By the way, I hope you know how to increase the PHP memory limit of your blog? The default memory limit of WordPress is set at 32 MB, but you can easily increase it to 64 MB, 128 MB or even 256 MB. I won’t recommend setting it above 128 MB, as this may negatively affect the performance of your other websites on that server, as well as the day-to-day operations of the regular server-related functions!

To increase your blog’s PHP memory limit, just open up the wp-settings.php file with PSPad, and locate the following lines in the file:

if ( !defined(‘WP_MEMORY_LIMIT’) )
          define(‘WP_MEMORY_LIMIT’, ’32M’);

Here is a screenshot of the same:

Click on the image for a bigger screenshot

Simply change the "32M" value to say, "64M" (without quotes), assuming that your blog’s default PHP memory limit is 32 MB and you wish to increase it to 64 MB.

Here is a blog article that explains the whole process in great detail.

i) Pretty Link: Shorten, track and group your long, ugly affiliate links. Of course, it can be made to work with your own product links too and in fact, just about ANY type of link! While I love the "grouping" feature of the plugin, it lacks two very important features that are indispensable for affiliate marketers:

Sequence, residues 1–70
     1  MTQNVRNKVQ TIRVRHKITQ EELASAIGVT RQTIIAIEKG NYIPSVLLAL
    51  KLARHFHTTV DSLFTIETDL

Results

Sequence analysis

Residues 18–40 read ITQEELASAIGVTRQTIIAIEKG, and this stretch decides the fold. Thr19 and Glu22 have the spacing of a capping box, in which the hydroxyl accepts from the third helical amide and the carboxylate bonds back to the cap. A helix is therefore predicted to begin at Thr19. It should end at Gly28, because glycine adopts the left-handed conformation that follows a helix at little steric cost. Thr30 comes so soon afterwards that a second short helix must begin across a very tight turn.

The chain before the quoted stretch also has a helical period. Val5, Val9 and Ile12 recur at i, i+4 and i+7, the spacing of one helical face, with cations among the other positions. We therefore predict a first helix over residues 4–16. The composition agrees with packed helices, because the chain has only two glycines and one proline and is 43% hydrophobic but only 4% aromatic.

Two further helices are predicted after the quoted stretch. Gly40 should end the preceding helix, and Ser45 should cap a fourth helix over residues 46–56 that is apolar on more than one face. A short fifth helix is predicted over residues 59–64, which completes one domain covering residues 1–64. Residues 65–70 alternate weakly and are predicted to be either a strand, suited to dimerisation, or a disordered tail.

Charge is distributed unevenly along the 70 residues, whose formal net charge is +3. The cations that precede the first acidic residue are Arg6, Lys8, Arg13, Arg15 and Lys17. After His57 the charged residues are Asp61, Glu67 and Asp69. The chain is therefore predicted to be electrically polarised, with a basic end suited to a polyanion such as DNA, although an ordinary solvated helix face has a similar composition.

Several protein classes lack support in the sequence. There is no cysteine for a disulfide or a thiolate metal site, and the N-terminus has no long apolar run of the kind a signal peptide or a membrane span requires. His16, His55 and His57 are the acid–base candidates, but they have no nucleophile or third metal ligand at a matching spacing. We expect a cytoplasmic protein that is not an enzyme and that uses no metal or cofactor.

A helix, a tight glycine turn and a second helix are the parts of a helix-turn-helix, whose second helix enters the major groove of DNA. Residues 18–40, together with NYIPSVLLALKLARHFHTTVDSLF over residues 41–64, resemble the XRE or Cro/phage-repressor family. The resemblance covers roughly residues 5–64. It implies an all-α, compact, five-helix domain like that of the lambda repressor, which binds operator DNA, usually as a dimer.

a) The squeeze page bypass method: With almost 80% of ClickBank merchants using a squeeze page as "pitch page" for their products, you stand to lose sales if you don’t send the visitor directly to the product sales page by bypassing the squeeze page. This feature can also be used if you wish to bypass the product salespages and directly send the visitor to the product’s order link/checkout page. On the flip side, bypassing the merchant’s default pitch page is a violation of Clickbank’s TOS (funny they don’t regard the use of "squeeze page as pitch page" as a violation), and may get you penalized (so I have heard); however, personally I am yet to face the "hammer", and I do use this technique for a lot of products.

b) Split testing: This is yet another feature missing from Pretty Link, and again it is a must-have tool for any serious marketer, be it affiliate or merchant. To make it as simple as possible – without split testing two links, how would you know which of them is more profitable for you? ;)